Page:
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Three Blackberry Z10 devices are set up for a photo during a press event at a Rogers store in Toronto on Feb. 5 2013. (Fred Lum/The Globe and Mail)
Three Blackberry Z10 devices are set up for a photo during a press event at a Rogers store in Toronto on Feb. 5 2013. (Fred Lum/The Globe and Mail)

Canaccord slashes estimate of BlackBerry 10 sales by 85% Add to ...

The BlackBerry Z10 has not yet been out for a month, but Canaccord Genuity analyst Mike Walkley has already slashed his sales estimates for Research In Motion Ltd.’s make-or-break smartphone from nearly two million devices down to just 300,000.

RIM is relying on new phones running brand new software called BlackBerry 10 to power a comeback after the company’s market share crumbled to Apple Inc.’s iPhone and phones running Google Inc.’s Android software.

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A splashy launch event in New York was followed by a gradual, global rollout of the first BlackBerry 10 phone – the full touchscreen Z10 device– in the U.K., Canada and in the Middle East. But an unexpected delay to the device’s availability in the crucial U.S. market led some analysts to cut their sales estimates right out of the gate – and given the size and importance of the U.S. smartphone market, some of these cuts were deep.

Mr. Walkley, who specified in an e-mail that this was his first sales estimate cut since the U.S. delay was revealed, says his checks with retail stores indicate steady, but modest demand, and that wireless carriers – after initial reports of strong interest – are being cautious with how many devices to order from RIM. Generally, RIM sells phones to carriers, who then sell the devices through their own retail chains. Mr. Walkley also cautioned that Samsung and others are likely to have sleek, new devices ready to launch in the U.S. when RIM’s devices finally make it to that market.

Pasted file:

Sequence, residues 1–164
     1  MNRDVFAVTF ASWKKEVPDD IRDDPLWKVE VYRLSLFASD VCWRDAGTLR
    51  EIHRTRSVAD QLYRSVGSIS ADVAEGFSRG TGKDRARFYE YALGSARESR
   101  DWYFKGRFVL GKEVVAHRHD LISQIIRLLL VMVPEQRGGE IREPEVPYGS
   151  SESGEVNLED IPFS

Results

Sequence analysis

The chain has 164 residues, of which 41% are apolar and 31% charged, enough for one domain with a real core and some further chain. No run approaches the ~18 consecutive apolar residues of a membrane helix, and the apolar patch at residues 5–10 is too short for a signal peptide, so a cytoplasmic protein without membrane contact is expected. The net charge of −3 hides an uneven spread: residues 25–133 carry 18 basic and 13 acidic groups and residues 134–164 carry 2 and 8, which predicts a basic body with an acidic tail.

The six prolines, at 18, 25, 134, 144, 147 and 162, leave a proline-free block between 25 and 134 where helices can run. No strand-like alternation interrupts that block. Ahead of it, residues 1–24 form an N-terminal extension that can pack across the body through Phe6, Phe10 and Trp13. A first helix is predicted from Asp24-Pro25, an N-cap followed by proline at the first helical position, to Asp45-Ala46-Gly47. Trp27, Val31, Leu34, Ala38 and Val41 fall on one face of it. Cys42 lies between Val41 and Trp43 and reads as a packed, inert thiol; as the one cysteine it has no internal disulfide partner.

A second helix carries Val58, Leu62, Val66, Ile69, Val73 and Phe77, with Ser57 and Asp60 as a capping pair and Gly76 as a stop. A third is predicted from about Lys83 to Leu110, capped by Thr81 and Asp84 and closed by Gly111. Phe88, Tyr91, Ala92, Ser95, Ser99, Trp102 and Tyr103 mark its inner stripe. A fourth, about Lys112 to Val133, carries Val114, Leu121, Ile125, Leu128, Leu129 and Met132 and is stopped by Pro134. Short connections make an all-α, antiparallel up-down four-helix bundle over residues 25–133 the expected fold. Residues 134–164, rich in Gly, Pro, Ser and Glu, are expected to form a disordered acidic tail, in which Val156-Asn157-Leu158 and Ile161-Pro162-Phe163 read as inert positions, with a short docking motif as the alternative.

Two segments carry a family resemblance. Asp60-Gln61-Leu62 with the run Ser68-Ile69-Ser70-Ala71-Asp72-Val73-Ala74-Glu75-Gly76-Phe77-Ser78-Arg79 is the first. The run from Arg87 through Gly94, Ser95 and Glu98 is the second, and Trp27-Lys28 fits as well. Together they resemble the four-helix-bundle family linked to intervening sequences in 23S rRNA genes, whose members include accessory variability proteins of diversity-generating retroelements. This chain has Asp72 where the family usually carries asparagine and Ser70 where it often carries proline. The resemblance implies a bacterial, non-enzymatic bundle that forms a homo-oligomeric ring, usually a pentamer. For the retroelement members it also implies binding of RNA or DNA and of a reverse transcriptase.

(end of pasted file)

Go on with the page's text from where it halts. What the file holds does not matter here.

“With new BB10 smartphones launching in the U.S. only in mid-March or later at subsidized prices no better than competing high-end Apple/Samsung smartphones… we are lowering our BB10 sales estimates for the February quarter and all of [fiscal] 2014,” Mr. Walkley wrote in a note to clients. “Further, we believe carrier support for BlackBerry 10 in the U.S. is modest, as demonstrated by Sprint only planning to launch the Q10 [BlackBerry with a physical keyboard] and T-Mobile only the Z10.”

Some early reports out of the U.K. indicated that some stores were seeing lineups on launch days and might even have sold out of specific devices – though some disputed that claim, when it was reiterated by RIM’s executives. Since RIM has not released a new lineup of BlackBerrys since August, 2011, strong interest and lineups from diehard BlackBerry fans is perhaps to be expected. One poll from Forum Research Inc. has indicated that RIM may sell as many as 2.6 million BlackBerry 10 devices in Canada over the next year.

In his note, Mr. Walkley reiterated a sell rating and a $9 price target.

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